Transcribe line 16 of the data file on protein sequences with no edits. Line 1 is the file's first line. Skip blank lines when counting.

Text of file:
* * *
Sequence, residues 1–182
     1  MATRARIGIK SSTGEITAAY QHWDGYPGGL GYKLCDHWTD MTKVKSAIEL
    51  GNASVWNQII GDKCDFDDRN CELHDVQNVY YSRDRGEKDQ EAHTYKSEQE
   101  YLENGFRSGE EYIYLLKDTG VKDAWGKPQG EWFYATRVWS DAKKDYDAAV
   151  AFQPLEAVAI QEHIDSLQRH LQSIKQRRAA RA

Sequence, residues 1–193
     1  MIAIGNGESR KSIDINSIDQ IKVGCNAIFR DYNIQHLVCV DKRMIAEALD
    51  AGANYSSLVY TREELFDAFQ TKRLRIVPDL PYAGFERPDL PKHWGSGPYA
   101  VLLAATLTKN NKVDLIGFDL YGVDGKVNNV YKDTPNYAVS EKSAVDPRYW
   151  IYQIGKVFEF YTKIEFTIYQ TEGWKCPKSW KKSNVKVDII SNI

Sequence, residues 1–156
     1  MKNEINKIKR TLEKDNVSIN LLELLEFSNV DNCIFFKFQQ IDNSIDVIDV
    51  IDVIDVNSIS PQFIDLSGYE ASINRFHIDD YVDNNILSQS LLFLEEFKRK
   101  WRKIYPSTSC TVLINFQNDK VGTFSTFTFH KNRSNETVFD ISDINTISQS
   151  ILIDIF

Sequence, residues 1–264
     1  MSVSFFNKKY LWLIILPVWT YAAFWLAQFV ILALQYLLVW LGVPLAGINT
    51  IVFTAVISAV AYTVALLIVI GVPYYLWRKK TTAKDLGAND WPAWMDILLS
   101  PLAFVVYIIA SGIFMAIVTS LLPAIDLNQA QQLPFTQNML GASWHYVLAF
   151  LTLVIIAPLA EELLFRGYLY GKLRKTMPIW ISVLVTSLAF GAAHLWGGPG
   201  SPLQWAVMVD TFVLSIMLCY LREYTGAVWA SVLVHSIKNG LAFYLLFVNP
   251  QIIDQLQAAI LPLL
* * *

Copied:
Sequence, residues 1–264